30 Apr


Louise Annarino

April 30,2012

I recently read GAME CHANGE, Heilemann & Helperin,Harper collins,2010. I hesitated to read it, fearing it would be one more propaganda piece. I prefer to draw my own conclusions from direct sources rather than rely on second-hand factual analysis. However, the book is delightful. It spares us the too frequent substitution of interpretation of an event over description of the event. As detective Webb would say, “Just the facts, lady; just the facts.”

There is one caveat. The authors perceive events through a white cultural lens. The other candidates, Republican and Democratic were equally ethnocentric in their view of candidate Obama and his wife. Consequently, their comments regarding the Obamas must be questioned, rather than accepted automatically. We saw this phenomenon when Michelle and Barack Obama fist-bumped one another during a rally. White lenses did not know what to make of this “unusual” and “disturbing” behavior. Say what? Such ethnocentrism makes it easy to attack the Obamas. In ignoring racial cultural differences, we ignore the opportunity to truly understand one another. It is an easy trap to fall into. We avoid being racist by avoiding race altogether? Too many of us follow Steven Colbert’s line, “I don’t see color.”

The authors do not shy away from issues of race which surfaced during the campaign.When Heilemann and Helperin share descriptions of an exuberant Obama; and when they share descriptions of his confident, “I’ve got this.” in response to nervous staff before a debate appearance, they say he is arrogant. The audacity of a black man to rejoice in his power is often hard for white America to accept as mere confidence. Candidate Obama had to remind his own staff, “you guys are trying to pretend I’m not black,” Obama said urgently. “I’m black!” (Game Change, p.333,par.1). The cultural differences often complicated relationships among friend and foe.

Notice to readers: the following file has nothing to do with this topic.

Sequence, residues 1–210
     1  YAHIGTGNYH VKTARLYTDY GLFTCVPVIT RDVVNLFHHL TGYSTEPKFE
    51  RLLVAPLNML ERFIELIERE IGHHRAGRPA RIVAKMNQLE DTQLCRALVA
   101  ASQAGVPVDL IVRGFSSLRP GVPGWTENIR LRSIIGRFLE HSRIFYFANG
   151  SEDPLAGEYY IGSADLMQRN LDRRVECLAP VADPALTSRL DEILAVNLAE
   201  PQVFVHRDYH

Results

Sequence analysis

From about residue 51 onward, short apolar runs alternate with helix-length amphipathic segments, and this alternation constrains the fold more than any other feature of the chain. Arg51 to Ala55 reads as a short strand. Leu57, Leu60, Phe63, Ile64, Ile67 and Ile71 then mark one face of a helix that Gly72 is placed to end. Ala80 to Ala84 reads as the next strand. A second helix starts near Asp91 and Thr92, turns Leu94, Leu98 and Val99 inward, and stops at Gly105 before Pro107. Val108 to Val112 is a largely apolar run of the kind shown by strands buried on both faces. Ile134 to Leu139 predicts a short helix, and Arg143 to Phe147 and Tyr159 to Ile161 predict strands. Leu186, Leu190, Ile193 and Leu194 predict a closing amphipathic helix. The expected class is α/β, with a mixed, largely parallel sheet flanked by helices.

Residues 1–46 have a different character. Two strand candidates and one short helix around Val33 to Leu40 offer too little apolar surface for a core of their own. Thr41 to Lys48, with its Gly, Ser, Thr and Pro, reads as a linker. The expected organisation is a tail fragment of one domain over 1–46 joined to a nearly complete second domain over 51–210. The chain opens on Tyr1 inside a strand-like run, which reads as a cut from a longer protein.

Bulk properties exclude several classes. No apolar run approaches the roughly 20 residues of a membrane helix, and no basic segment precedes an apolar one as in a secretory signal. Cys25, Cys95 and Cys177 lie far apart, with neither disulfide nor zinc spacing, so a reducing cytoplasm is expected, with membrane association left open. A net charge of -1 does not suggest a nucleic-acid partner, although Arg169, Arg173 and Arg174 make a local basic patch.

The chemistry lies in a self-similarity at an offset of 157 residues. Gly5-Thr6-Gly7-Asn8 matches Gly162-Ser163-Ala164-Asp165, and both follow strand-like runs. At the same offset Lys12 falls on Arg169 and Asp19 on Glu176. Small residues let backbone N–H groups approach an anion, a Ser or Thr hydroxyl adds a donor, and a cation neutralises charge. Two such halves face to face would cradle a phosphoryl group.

“You can’t pretend this isn’t an issue. you know McCain is playing the race card by accusing me of playing the race card. They’re making sure that race is injected into this campaign. They’re going to keep doing it in a lot of ways, and when they do it we have to fight back.” (Game Change, p.33,par.2). The Clintons had their own problems running against an African-American. Republicans are still using this strategy in 2012, accusing the president and Mrs. Obama of injecting the race card, at every opportunity.

Another repeat of republican strategy in 2012 is the accusation of  Obama as celebrity. We all remember the July 30 ad with Britney Spears and Paris Hilton. While the celebrity of Spears and Hilton may have faded, that of Barack Obama remains strong. Since when is a popular president a bad one? Isn’t that how one wins a vote? Exactly! Attacking your opponent’s strength is an old ploy, worth repeating in every election. expect to see more of this.

GAME CHANGE is a fast read, and reminds us that what we see in ads, commentary and interplay between candidates may not be all there is to the 2012 campaign.


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